Part art therapy, part legal document (it contains footage of the mediation resulting from the director’s lawsuit against the Roman Catholic church), part political argument, Keith Rennar’s Of God and Gucci is the director’s attempt to explain and understand the effects that years of sexual abuse had on him.
The film has little in the way of production value; it is a series of video interviews edited to tell Rennar’s story. It is the story itself, with a focus on the long-term effects of abuse, the gives the film its power. Of God and Gucci understands the principle that audiences can only really enter into and begin to understand the scope of sweeping tragedies via specific, concrete examples.
One of the more sobering and sad concrete examples doesn’t even come from Rennar. His wife, Diane, mentions the vacuum created by not having organized worship in their lives. It is not all that strange these days–in some circles it is almost fashionable–to claim one embraces personal faith but eschews institutions of religion. Diane appears to genuinely want and miss the presence of communal worship in her life but also acknowledges the wall of mistrust created by being witness to abuses of power.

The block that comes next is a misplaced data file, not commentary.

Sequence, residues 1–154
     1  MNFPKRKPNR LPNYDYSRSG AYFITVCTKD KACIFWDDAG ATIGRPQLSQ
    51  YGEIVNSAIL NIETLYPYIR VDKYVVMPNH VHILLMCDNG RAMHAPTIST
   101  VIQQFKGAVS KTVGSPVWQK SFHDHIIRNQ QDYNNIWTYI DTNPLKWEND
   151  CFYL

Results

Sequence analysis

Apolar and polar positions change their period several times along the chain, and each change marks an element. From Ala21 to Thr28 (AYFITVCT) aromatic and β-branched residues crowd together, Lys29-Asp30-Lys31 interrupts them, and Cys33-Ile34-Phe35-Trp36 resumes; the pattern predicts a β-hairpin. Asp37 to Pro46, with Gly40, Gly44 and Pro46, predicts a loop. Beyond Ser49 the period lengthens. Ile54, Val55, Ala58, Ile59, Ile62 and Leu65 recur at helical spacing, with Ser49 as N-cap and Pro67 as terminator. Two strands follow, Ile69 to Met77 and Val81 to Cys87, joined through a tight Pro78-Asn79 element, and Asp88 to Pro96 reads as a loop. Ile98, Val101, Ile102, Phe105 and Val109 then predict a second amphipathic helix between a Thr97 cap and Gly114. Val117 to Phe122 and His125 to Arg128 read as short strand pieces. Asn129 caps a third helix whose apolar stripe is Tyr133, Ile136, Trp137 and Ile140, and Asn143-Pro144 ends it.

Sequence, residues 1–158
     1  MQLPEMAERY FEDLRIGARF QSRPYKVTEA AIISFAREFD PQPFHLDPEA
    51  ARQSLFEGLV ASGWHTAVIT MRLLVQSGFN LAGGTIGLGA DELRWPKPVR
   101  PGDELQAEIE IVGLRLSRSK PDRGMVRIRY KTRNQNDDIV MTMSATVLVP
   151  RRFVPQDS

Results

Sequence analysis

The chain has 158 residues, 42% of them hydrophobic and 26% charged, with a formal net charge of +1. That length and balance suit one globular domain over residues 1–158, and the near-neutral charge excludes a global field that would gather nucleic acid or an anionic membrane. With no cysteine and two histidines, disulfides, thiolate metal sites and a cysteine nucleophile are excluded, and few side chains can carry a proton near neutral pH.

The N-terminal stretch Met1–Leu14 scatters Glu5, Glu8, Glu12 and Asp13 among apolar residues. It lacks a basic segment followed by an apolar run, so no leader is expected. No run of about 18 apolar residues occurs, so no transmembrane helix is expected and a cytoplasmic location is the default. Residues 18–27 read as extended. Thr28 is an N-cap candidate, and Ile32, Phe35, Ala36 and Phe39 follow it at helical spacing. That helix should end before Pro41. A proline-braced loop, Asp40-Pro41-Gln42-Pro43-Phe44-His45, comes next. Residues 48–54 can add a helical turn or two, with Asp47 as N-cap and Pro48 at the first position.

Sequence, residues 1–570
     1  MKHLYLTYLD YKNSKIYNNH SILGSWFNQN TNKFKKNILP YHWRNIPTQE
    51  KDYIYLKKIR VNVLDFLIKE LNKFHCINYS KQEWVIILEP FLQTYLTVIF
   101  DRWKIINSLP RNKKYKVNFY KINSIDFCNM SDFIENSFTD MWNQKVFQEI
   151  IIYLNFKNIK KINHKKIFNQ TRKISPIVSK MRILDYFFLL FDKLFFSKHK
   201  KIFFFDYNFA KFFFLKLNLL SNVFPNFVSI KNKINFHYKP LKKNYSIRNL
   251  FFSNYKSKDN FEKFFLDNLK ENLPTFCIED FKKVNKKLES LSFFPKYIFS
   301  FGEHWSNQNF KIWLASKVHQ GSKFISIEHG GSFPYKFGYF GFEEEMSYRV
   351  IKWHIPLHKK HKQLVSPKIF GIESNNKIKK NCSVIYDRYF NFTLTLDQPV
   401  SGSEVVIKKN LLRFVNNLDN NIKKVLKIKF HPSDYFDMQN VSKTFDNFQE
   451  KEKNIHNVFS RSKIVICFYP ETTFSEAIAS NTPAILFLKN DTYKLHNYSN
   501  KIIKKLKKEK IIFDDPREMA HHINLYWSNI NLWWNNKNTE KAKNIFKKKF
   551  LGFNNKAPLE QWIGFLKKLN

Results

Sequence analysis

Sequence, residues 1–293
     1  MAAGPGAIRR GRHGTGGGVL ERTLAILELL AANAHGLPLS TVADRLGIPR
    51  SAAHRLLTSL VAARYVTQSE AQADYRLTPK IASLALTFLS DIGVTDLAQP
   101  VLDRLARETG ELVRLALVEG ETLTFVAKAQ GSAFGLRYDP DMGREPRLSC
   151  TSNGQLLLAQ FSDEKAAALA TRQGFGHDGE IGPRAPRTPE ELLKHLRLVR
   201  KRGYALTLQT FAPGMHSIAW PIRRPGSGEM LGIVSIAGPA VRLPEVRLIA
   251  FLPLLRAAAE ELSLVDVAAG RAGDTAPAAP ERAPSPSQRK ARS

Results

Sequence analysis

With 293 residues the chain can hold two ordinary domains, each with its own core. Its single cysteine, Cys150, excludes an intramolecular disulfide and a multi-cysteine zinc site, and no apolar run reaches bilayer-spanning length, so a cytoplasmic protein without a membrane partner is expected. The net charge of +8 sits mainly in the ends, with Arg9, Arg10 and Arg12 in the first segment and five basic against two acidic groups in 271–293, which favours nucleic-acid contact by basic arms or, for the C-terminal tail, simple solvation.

Another reason Rennar has given for making the film is to support a drive to change the statue of limitations in New Jersey in cases involving the sexual abuse of minors. The Child Sexual Abuse Act of 1992 gave victims of abuse two years to sue abusers once the effects of that abuse have been realized. Advocates for the reform of the legislation believe that the legislation as written can be misapplied and creates an additional hardship on those seeking to hold abusers accountable.
Of God and Gucci is painful to watch at times, but it is an important reminder that the damage done by abuse doesn’t always fade as quickly as our attention wanes.